Regulation of Glucagon Secretion

In addition to insulin and blood glucose levels, research suggests that there are many other regulators of glucagon secretion including:

  • Other hormones
  • Metabolic factors
  • The nervous system3,15

Researchers have made considerable progress towards unraveling the mechanisms behind the inhibition and stimulation of glucagon secretion by these regulators, however, more research is still needed3.

Researching the Relationship Between Glucagon and Energy Homeostasis

Due to the role of glucagon in energy homeostasis, the hormone is an important biomarker in the effort to understand diabetes. Research has established that abnormal glucagon secretion from α-cells plays an important role in diabetes14. The increase in glucagon concentration may lead to excessive glucose production in the liver and contribute to hyperglycemia14. The exact cause of increased glucagon in type 2 diabetics has not yet been fully explained, but several theories exist15.

Glucagon and Therapies for Type 2 Diabetes

Glucagon is a target for diabetes therapy development1. Researchers are continuously working towards developing new personalized diabetes therapies that specifically target glucagon13. Many types of diabetes drugs have been shown to decrease glucagon levels while restoring blood glucose levels in individuals with T2D15. However, many researchers agree that glucagon measurement needs to be incorporated into more study designs to gain a better understanding of these drugs3,5,13.

The Glucagon Amino Acid Sequence

Although researchers know that measuring glucagon in their experimental design is key to fully understanding diabetes, glucagon’s 29 amino sequence poses challenges in the laboratory. First, the hormone’s amino acid sequence is found within several proglucagon peptides including glicentin and oxyntomodulin1. The similar sequence homology between glucagon and these peptide hormones has created challenges in being able to specifically measure changes in glucagon concentrations3,16,17.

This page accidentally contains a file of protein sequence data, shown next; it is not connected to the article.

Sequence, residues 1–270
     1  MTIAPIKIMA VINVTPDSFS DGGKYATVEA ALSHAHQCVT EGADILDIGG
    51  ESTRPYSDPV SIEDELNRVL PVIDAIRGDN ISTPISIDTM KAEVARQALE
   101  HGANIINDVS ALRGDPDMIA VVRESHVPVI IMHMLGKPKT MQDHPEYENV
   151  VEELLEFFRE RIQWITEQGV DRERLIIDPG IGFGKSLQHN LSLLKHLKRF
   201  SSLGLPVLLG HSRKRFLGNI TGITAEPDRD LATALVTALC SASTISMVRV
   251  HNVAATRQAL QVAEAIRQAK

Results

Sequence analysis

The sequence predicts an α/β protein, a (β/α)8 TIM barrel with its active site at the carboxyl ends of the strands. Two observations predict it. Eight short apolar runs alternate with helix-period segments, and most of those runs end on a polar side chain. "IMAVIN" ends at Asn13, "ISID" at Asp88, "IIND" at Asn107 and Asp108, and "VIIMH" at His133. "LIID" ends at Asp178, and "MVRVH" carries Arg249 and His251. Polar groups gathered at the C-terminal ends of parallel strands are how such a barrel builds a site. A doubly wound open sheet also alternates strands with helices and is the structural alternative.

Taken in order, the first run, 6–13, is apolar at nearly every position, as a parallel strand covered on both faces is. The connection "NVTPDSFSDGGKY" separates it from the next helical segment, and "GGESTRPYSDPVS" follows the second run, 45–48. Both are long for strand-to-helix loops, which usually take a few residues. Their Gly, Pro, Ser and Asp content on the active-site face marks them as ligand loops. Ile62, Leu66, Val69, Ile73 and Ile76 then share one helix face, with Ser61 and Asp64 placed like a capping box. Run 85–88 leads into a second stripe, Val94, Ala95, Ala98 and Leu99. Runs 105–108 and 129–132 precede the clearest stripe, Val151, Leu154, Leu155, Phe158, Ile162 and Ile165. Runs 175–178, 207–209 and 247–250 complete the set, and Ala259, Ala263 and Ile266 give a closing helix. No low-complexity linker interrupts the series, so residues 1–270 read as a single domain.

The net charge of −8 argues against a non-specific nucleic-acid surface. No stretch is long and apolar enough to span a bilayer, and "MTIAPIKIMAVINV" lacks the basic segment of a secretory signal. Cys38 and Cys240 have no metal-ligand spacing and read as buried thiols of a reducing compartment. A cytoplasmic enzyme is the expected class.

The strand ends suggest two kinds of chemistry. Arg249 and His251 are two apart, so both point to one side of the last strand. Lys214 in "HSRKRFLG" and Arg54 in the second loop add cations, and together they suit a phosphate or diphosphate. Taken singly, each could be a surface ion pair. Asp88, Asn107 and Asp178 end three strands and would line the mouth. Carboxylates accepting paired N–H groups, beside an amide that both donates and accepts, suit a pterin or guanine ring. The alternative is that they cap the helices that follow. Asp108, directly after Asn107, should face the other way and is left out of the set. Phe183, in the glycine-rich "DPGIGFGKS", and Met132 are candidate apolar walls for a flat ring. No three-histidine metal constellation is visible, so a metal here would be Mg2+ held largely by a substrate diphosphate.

This chart shows the amino acid sequence similarities glucagon shares with other peptides which makes researching the relationship between glucagon and energy homeostasis challenging.
Figure 3: Glucagon Amino Acid Sequence Similarities with other Proglucagon Peptides. The glucagon amino acid sequence is found within glicentin and oxyntomodulin1,3,16,17.

Glucagon and the Incretin Hormones

In addition to sharing sequence homology with glicentin and oxyntomodulin, glucagon’s sequence is similar to the incretin hormones glucagon-like peptide-1 (GLP-1) and glucose-dependent insulinotropic polypeptide (GIP) 1,6. These sequence similarities create further challenges for researchers trying to specifically measure glucagon3.


Glucagon is a gut hormone generated mainly by proglucagon processing in pancreatic α-cells1,2,3. The role of glucagon in energy homeostasis is vital since it acts as a counter regulatory balance to insulin via the IGR13. Glucagon secretion is tightly regulated3,15, but research suggests that its abnormal secretion is a key component in the development of type 2 diabetes14. As a result, many research teams continue to investigate the relationship between glucagon and energy homeostasis in order to personalize diabetes care13. However, the glucagon amino acid sequence is found within multiple proglucagon peptides and is similar to incretin hormones1,6 which creates analytical challenges for diabetes laboratories1,23. Therefore, an improved method for specifically measuring glucagon would benefit researchers as they work to develop more personalized diabetes treatments.